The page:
The people of Paisley paid tribute to one of its most tragic events on Saturday as hundreds of people attended a special commemoration event to mark the 90th anniversary of the Glen Cinema disaster.

More than 150 people took part in a lantern procession through the town, made up of young people, community groups and schools, before attending a special service at Paisley Abbey where 500 invited guests paid tribute to the victims, survivors and their families.

Survivors Robert Pope and Emily Brown were in attendance along with their families.

There were many poignant moments during the service including a solo cello performance of ‘Vocalise’ by Rachmaninoff which played as 70 children walked up the aisle and each laid a white rose for the children who lost their lives. Survivors Robert and Emily also laid a white rose; guests spent a minute of silence in contemplation of the tragic events; and the Starlight Chamber Choir closed the evening with a moving rendition of ‘Coming to the Glen’.

Singer-songwriter Carol Laula performed ‘Hush Now, Happy New Year’ – a song, written with actor and musician Tom Urie, specially commissioned for the 90th commemoration.

Carol said: “It was an honour to be part of such a special event – this is a really difficult part of Paisley’s rich history, but a part that must be commemorated nonetheless. The courage and sense of community that endured after this awful tragedy is one that we must continue to build and to celebrate. I believe the most conducive way to grow is to seek out the strength in our past and this tradition is one I find very nourishing.”

Liam Kay, 14, of Linwood High School, has been a member of Starlight Youth Theatre for three years and performed a monologue, ‘Getting Ready for the New Year’.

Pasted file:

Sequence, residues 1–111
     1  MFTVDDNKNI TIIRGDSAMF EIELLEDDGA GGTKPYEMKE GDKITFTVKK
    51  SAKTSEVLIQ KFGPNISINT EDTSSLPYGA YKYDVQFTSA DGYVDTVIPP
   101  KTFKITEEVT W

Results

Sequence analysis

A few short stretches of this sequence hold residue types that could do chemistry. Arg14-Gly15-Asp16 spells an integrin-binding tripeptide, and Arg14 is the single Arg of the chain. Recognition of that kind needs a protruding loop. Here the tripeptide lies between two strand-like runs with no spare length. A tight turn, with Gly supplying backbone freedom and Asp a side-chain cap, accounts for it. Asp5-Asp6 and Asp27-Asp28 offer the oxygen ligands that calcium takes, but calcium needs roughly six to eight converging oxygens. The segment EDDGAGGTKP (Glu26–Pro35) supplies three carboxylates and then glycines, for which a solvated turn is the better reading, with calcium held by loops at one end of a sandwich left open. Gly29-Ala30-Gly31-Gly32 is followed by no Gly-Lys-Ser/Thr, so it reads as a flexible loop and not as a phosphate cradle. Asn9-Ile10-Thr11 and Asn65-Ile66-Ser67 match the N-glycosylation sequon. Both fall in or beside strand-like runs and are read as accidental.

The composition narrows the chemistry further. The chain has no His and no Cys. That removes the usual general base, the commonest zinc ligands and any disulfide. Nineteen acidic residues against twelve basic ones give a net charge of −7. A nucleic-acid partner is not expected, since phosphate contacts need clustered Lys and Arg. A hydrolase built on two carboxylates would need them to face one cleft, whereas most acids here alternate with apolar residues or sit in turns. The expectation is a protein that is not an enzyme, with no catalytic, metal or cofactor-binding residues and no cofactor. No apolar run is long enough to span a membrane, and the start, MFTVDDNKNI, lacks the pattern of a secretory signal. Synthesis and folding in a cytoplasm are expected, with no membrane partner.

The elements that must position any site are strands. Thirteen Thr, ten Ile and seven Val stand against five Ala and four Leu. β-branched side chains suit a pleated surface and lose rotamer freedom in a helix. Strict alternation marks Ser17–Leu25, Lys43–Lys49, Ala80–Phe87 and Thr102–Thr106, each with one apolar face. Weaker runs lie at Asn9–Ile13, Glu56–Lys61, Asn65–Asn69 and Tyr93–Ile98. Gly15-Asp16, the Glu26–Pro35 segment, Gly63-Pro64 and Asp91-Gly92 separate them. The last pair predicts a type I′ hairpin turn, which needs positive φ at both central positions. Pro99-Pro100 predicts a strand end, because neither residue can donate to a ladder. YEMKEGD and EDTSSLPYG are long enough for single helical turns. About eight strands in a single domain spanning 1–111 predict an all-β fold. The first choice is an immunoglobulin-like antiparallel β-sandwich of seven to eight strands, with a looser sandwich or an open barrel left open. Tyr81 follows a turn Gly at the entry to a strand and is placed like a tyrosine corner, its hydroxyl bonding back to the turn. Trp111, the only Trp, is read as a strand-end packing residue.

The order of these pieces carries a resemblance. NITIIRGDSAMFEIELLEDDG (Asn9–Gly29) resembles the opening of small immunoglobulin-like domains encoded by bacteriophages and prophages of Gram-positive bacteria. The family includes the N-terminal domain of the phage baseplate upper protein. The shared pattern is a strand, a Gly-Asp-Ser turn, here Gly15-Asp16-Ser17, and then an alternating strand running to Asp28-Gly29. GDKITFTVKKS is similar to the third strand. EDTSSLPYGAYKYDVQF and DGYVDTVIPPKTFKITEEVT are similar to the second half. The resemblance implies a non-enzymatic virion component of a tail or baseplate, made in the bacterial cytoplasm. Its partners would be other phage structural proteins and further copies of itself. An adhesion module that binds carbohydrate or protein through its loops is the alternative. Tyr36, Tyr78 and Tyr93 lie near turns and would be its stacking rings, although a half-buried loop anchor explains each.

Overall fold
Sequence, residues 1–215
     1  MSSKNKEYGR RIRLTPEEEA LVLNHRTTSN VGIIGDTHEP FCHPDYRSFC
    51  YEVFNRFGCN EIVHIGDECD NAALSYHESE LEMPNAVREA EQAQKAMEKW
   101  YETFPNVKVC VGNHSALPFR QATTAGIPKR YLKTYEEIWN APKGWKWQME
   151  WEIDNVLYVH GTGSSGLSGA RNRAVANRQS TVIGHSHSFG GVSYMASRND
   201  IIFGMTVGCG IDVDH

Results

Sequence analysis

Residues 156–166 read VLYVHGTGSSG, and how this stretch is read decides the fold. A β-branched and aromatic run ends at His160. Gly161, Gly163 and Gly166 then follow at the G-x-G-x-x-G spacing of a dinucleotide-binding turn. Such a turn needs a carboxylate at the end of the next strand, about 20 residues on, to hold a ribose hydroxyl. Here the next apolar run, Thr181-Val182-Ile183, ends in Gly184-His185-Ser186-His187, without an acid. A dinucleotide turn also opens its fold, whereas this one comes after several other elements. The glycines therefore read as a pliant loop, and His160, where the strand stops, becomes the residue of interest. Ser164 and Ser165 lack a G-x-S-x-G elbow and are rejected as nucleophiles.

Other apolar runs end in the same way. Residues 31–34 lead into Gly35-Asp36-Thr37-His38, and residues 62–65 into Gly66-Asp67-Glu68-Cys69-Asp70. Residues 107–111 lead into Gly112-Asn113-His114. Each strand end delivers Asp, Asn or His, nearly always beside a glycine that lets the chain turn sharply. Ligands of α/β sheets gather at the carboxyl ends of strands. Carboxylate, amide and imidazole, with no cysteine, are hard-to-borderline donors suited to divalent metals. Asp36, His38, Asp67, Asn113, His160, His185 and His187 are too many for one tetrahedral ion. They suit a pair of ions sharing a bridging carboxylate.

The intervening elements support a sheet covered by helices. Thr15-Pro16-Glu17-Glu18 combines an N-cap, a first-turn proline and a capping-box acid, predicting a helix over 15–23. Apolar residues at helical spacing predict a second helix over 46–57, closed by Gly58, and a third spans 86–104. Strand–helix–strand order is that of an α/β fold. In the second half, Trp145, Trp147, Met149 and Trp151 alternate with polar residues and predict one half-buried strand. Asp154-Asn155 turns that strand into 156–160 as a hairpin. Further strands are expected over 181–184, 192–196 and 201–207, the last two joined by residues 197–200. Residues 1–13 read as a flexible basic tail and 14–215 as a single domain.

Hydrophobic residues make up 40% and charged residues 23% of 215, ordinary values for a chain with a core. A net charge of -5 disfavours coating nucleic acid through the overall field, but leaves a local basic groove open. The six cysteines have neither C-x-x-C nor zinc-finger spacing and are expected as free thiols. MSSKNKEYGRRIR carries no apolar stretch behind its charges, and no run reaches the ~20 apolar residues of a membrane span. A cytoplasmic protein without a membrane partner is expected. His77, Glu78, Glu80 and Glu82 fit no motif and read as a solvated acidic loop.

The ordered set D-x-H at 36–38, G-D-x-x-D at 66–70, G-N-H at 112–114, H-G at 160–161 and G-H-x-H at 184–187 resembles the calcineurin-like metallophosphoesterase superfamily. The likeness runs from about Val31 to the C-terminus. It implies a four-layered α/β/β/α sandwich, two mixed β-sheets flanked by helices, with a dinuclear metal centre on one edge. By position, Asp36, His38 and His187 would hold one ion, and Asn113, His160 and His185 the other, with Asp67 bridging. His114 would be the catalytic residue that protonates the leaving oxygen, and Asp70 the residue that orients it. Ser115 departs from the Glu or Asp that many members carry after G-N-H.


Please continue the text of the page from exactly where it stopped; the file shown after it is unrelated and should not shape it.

Liam said: “It was a beautiful event. It’s such a tragic thing that happened, but it is important to remember those who died and also those who survived, and it was done in a beautiful way.”

The Glen Cinema tragedy took place on 31 December 1929 when a smoking film canister caused a panic during a packed children’s matinee where more than 600 children were present. As a result of the crush that followed 70 children died and more than 30 children were injured.

News of the disaster was far-reaching with letters of condolence being sent to the town from people across the globe. The impacts were global as well – as the Cinematograph Act 1909 was then amended to ensure all cinemas had more exits, that doors opened outwards and were fitted with push bars. A limitation was also placed on the capacity of cinemas and a requirement for an appropriate number of adult attendants to ensure safety of children.

Louisa Mahon, Head of Marketing, Communications and Events at Renfrewshire Council, said: “The commemoration event allowed the people of Paisley to pay tribute and remember all the victims and survivors of the tragedy.

“In this, the 90th anniversary – it’s even more important to take stock of the tragic events which took place and consider the local and global impacts of the disaster.”

During the day on Saturday people were also able to view a specially commissioned commemorative film ‘The Glen Cinema Disaster’ directed by Paul Mothersole at POP Community & Arts Space in the Piazza. A small exhibition of printed letters held in the Secret Collection were also on display in the space during the day for the public to see – the exhibition will remain in the venue until the 20 December.

The annual memorial service and wreath laying will take place at Paisley Cenotaph on the morning of 31 December. This is run by community members and supported by Renfrewshire Council.

The Glen Cinema 90th anniversary commemoration event was funded through Renfrewshire Council’s Future Paisley programme.

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